More than a million old people cannot get a job because employers will not invest in training or make minor adjustments for disabilities, the TUC claims.
A report by the union organisation warned yesterday that industry and the Government had to defuse the "demographic time bomb" of an ageing workforce being forced out of jobs and on to benefits.
The study showed that more than one million unemployed people aged between 50 and 65 wanted a job.
Only one in eight of people in this age bracket who were not working had retired early and were classed as "affluent professionals" while many were surviving on state support, said the report.
The TUC predicted that over the next decade the number of people aged between 50 and 69 would increase by 17 per cent, massively increasing the ratio of pensioners to working people.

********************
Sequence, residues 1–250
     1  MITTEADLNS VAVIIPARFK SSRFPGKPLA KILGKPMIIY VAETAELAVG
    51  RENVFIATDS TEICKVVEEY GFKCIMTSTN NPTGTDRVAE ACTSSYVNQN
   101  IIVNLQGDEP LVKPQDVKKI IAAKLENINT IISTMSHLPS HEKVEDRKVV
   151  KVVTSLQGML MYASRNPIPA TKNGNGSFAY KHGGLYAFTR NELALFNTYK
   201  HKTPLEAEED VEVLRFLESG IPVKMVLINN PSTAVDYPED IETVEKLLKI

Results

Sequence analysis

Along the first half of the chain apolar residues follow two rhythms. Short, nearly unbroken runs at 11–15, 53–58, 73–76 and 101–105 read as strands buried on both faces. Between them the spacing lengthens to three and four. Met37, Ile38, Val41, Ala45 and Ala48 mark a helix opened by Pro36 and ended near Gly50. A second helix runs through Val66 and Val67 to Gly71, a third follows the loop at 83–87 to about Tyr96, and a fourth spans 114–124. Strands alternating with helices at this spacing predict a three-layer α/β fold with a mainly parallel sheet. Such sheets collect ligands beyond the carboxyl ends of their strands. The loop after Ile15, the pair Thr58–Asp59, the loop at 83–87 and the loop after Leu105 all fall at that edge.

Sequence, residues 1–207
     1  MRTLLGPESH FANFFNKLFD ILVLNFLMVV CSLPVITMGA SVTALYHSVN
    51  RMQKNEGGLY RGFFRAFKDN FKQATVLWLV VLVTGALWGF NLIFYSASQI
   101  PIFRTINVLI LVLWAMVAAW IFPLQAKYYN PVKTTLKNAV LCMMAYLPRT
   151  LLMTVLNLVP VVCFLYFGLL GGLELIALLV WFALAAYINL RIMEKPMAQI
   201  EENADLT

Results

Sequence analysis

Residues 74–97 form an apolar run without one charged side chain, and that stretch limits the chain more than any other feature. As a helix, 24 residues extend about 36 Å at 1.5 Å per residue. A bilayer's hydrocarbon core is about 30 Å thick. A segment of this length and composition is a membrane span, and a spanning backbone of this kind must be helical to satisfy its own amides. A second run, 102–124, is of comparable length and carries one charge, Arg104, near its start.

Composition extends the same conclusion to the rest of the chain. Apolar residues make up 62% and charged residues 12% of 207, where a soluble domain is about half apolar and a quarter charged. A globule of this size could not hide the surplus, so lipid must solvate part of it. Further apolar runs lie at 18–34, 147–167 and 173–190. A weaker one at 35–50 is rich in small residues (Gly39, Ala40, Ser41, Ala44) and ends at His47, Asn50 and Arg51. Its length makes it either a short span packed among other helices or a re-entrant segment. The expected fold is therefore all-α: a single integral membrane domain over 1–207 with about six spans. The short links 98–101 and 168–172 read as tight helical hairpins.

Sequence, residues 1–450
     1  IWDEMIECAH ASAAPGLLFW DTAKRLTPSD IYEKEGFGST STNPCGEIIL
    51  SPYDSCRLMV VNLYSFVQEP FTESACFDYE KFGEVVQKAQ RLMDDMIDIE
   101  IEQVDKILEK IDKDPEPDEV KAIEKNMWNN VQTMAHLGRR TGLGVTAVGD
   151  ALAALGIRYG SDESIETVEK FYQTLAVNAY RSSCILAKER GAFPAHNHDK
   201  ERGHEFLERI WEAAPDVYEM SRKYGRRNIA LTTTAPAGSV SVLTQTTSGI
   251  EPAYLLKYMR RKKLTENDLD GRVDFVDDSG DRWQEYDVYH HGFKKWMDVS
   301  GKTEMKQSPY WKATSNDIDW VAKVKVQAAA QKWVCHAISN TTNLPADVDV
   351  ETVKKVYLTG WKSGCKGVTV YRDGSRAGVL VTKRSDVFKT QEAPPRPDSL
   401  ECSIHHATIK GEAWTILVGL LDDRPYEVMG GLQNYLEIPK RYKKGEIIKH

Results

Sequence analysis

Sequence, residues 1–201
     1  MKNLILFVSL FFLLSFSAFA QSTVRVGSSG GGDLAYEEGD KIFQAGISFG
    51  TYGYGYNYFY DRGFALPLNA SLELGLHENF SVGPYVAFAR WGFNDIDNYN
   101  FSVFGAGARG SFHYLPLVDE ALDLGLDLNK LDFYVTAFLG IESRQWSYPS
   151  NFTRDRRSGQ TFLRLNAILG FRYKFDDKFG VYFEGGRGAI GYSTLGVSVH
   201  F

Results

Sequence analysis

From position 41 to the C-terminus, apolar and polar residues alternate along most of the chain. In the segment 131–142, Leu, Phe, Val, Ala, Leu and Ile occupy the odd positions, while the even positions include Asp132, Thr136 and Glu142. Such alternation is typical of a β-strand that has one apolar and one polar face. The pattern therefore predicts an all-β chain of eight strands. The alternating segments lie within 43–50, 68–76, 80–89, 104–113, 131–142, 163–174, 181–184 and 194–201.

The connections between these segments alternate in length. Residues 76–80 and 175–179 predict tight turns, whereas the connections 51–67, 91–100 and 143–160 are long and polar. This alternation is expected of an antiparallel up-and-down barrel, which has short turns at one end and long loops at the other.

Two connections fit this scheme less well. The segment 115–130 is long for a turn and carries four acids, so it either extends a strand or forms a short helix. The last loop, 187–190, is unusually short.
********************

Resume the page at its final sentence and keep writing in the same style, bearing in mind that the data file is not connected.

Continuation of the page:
TUC deputy general secretary Frances O'Grady said: "Most baby boomers are not retiring early to cruise around the world or go bungee jumping.
"They have been dumped out of work and on to the scrap heap and are scraping by on benefits or small work pensions. By refusing to retain and recruit older staff who want to work, employers are accelerating the demographic time bomb the economy is resting on."
The TUC called on employers to carry out an age audit of their staff to establish an age profile of their workforce as part of a move to eliminate age discrimination and retain older workers.
Susan Anderson, director of Human Resources Policy at the CBI, commented: "Employers are very aware of the benefits and advantages which older people offer."